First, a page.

Zebras are African horses best known for their distinctive white and black stripes. Their stripes come in different patterns unique to each individual. Unlike their closest relatives, horses and donkeys, zebras have never been truly domesticated.
They have been the subject of African folk tales which tell how they got their stripes. According to a Bushmen folk tale of Namibia, the zebra was once all white but got its black stripes after a fight with a baboon over a waterhole. After kicking the baboon so hard the zebra lost his balance and tripped over a fire, the fire sticks left scorch marks all over this white coat.
Some zoologists believe that the stripes act as a camouflage mechanism. This is accomplished in several ways. First, the vertical striping helps the zebra hide in grass. While seeming absurd at first glance, considering that grass is neither white nor black, it is supposed to be effective against the zebra’s main predator the lion, which is color blind. Theoretically, a zebra standing still in tall grass may not be noticed at all by a lion.
Additionally, since zebras are herd animals, the stripes may help to confuse predators. A number of zebras standing or moving close together may appear as one large animal, making it more difficult for a lion to pick out any single zebra to attack. A herd of zebras scattering to avoid a predator will also represent a confused mass of vertical stripes travelling in multiple directions making it difficult for the predator to track an individual visually as it separates from its herdmates.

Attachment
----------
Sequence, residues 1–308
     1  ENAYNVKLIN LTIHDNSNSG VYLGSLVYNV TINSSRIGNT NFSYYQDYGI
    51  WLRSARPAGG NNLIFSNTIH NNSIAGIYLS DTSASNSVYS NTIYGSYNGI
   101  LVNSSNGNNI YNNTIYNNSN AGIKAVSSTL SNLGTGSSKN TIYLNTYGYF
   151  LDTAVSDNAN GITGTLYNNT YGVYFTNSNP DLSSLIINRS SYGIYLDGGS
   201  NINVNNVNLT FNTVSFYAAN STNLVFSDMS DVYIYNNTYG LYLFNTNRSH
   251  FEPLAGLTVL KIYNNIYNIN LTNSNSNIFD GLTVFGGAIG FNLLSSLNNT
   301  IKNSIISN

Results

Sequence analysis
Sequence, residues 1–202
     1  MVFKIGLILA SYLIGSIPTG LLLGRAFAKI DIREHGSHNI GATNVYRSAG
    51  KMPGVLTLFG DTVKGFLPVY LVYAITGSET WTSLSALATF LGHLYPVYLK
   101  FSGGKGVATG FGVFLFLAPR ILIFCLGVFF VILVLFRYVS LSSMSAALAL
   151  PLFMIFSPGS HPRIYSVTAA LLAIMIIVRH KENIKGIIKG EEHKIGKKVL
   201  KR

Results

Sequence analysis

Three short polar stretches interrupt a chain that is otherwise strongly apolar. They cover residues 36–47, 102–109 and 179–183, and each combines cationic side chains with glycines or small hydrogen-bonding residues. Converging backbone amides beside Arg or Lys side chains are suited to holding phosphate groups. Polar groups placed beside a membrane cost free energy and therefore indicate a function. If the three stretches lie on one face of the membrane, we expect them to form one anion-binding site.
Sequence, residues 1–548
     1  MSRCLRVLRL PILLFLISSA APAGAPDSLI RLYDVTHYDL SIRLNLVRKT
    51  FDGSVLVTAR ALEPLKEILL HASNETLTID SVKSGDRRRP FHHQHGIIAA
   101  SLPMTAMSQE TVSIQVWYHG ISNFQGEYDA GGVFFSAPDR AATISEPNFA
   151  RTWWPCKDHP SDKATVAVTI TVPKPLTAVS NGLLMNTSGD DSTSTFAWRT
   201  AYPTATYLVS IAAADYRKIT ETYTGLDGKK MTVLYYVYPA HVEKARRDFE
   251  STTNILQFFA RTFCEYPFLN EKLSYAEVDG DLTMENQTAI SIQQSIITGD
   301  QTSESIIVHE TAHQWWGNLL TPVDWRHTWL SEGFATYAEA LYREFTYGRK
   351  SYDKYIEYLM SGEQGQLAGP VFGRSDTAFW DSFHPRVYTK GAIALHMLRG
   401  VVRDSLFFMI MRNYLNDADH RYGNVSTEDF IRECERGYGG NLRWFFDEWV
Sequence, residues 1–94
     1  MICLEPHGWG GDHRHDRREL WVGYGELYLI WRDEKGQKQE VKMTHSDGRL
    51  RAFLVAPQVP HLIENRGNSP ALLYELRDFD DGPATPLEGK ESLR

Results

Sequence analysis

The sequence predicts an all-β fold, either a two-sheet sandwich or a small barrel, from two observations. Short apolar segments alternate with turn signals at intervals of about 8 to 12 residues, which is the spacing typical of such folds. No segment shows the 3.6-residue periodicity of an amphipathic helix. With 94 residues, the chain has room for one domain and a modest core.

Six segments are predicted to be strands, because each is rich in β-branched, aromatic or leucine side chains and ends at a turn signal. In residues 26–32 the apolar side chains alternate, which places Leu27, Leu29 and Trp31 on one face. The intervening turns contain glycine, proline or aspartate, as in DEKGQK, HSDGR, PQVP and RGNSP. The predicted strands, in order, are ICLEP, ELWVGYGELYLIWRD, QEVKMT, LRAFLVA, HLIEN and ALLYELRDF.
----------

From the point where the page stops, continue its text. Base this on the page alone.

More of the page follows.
More recent theories, supported by experiment, posit that the disruptive coloration is also an effective means of confusing the visual system of the tsetse fly. Alternative theories include that the stripes coincide with fat patterning beneath the skin, serving as a thermoregulatory mechanism for the zebra, and that wounds sustained disrupt the striping pattern to clearly indicate the fitness of the animal to potential mates.
Zebras have excellent eyesight. It is believed that they can see in color. Like most ungulates the zebra has its eyes on the sides of its head, giving it a wide field of view. Zebras also have night vision, although not as advanced as that of most of their predators, but their hearing compensates.
They also have great hearing, and tend to have larger, rounder ears than horses. Like horses and other ungulates, zebra can turn their ears in almost any direction. In addition to eyesight and hearing, zebras have an acute sense of smell and taste.
Modern man has had great impact on the zebra population. Zebras were, and still are, hunted mainly for their skins. The Cape mountain zebra was hunted to near extinction with less than 100 individuals by the 1930s. However the population has increased to about 700 due to conservation efforts. Both Mountain zebra subspecies are currently protected in national parks but are still endangered.